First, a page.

The aphids were on the attack. Despite her best efforts to keep them at bay, MK Barnet found the tiny insects covering the eggplant crop at Open Book Farm, where she and her husband, Andrew, grow organic vegetables and raise grass-fed poultry and livestock.
Conventional insecticide sprays aren't an option for organic farmers. "If you have a pest infestation, you have to figure out ways to deal with it," says MK. She resolved to order some ladybugs instead. The beetles are natural predators for aphids, each capable of devouring as many as 5,000 of the sapsucking pests in their lifetime.
But before she could, something rather magical happened. Somebody—or rather, thousands of somebodies—beat her to it.
"About a week later, I went in and the ladybug population of our farm had moved in," she remembers. "The plants were covered, you could see it from a distance. They ate all of the aphids; it was so cool."
Farming in a way that builds a functioning ecosystem from the ground up is known as regenerative agriculture. The goal is not only to farm sustainably, but to actually improve the quality of the soil and water that grows our food. In return, the environment provides natural services—like pest control and water retention—that help farmers.
Regenerative agriculture holds significant promise for tackling two urgent threats to the Chesapeake Bay: nutrient pollution and climate change. Practices like rotational grazing and planting streamside tree buffers reduce the amount of pollution flowing off farmland into nearby rivers and streams. At the same time, they trap significant amounts of carbon-rich organic material in the soil, which reduces climate-warming emissions and makes the land more resilient to extreme droughts and storms.
MK and Andrew see the changes on their own farm. Since beginning to progressively take over the land from a former dairy operation in 2015, they have worked to convert the conventional corn and soybean fields into organic vegetable beds and rotationally grazed pastures.
They now raise as many as 6,000 broiler chickens, 150 laying hens, 100 turkeys, 10 beef steers, and 20 pigs each year, in addition to vegetable crops. Between May and Thanksgiving, they sell their products at farmers markets, through community supported agriculture (CSA) shares, and directly from the farm. They also sell their chicken wholesale to the Common Market Coop in Frederick and offer a winter CSA share for vegetables, eggs, and meat.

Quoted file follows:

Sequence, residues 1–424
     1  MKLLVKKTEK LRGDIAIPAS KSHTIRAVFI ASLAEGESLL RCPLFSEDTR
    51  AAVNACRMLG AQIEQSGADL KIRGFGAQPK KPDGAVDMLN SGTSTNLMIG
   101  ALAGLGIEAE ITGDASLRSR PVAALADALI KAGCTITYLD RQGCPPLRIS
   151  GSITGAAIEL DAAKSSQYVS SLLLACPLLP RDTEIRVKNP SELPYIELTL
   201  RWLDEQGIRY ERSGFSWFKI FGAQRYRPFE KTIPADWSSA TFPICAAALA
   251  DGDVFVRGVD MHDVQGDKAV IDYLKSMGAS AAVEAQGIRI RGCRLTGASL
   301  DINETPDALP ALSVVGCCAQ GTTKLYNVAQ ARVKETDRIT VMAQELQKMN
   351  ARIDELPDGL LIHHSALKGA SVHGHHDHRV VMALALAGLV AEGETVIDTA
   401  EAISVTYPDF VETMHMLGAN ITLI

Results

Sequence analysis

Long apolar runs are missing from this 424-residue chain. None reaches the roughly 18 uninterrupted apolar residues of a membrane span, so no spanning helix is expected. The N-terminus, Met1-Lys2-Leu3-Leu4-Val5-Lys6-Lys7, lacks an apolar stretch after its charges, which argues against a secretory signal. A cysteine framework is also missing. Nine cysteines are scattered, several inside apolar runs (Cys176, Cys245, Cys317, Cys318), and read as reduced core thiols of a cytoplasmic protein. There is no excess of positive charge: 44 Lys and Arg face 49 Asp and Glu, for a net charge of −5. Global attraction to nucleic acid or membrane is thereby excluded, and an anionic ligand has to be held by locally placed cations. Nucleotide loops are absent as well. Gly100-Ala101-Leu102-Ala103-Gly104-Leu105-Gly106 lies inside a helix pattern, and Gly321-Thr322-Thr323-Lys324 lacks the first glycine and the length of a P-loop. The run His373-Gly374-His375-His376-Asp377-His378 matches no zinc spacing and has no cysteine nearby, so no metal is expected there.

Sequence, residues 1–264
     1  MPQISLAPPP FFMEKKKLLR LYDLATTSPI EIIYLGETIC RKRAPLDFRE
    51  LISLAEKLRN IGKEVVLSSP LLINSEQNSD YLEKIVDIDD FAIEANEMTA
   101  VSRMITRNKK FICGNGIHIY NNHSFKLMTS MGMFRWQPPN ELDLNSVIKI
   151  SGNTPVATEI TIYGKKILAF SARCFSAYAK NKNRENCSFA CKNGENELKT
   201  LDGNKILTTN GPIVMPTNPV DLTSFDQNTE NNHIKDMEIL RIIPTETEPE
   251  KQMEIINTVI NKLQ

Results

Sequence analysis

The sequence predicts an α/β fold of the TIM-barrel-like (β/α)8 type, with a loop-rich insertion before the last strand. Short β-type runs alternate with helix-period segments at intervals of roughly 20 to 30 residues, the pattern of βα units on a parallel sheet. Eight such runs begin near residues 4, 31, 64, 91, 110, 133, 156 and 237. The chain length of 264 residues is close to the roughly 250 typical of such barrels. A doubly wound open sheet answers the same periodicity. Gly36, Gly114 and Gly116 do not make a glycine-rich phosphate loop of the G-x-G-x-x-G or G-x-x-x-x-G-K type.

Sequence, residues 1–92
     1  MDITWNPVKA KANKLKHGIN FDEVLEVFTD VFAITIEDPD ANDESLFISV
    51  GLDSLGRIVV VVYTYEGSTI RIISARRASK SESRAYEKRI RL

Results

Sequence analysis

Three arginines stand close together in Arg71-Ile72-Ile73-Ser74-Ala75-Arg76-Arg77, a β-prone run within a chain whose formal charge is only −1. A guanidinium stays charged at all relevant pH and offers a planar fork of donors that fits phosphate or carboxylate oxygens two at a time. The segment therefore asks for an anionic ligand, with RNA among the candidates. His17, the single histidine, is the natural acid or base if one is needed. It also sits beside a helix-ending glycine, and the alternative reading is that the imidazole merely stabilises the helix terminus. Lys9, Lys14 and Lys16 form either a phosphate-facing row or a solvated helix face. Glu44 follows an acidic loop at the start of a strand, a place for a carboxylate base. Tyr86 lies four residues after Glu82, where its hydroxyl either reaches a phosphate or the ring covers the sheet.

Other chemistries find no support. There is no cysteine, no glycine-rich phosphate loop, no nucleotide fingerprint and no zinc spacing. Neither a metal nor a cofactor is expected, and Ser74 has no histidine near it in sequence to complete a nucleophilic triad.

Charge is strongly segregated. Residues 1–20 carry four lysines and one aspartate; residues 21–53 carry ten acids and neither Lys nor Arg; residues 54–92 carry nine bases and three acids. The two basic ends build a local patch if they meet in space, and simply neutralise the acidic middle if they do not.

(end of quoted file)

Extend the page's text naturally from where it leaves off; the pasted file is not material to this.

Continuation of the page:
"For both of us, we really love doing physical work, but we wanted to feel like it was meaningful in an environmental way, as well," says MK.
They began by reseeding the fields with pasture grasses and planted cover crops where they planned to grow vegetables. Both helped improve the soil. The second year, they planted trees to buffer the stream that runs through one corner of the farm. Then they built fencing and installed water lines, which allowed them to move their livestock frequently between pastures—a practice known as rotational grazing.
The work was almost entirely funded through the U.S. Department of Agriculture's Natural Resources Conservation Service (NRCS) and CBF.
"The two have worked together really synergistically," says MK.
As a result, the amount of nitrogen and phosphorus running off the land into nearby streams dropped 60 percent, according to scientific models CBF used to assess the on-farm changes. Greenhouse gas emissions fell 43 percent—an amount equivalent to the carbon stored annually by nearly 2 acres of mature forest.
"It's hard to compare a piece of ground, in your mind, to how it was four years ago. But what we can do is walk up to the border of the part of our farm that is still being row-cropped," says MK. "Especially in the spring, on one side you have this lush pasture that is so diverse and so alive, and then you literally hit a line and just see bare, dead ground."
But the biggest changes she's noticed are the sights and sounds from the farmhouse porch.
"I feel like we see so much more birdlife, which is really neat," she says. "We have this big riparian buffer planting, we have lots of pastures that have tall grass, it's lots of habitat."
"Farms like Open Book are critical to help protect water quality, fight climate change, build healthy soils, and provide a diversity of local food directly to their communities," says Rob Schnabel, CBF's Maryland Watershed Restoration Scientist.
"Frankly, Open Book Farm needs to be the model for farms in the future," he says.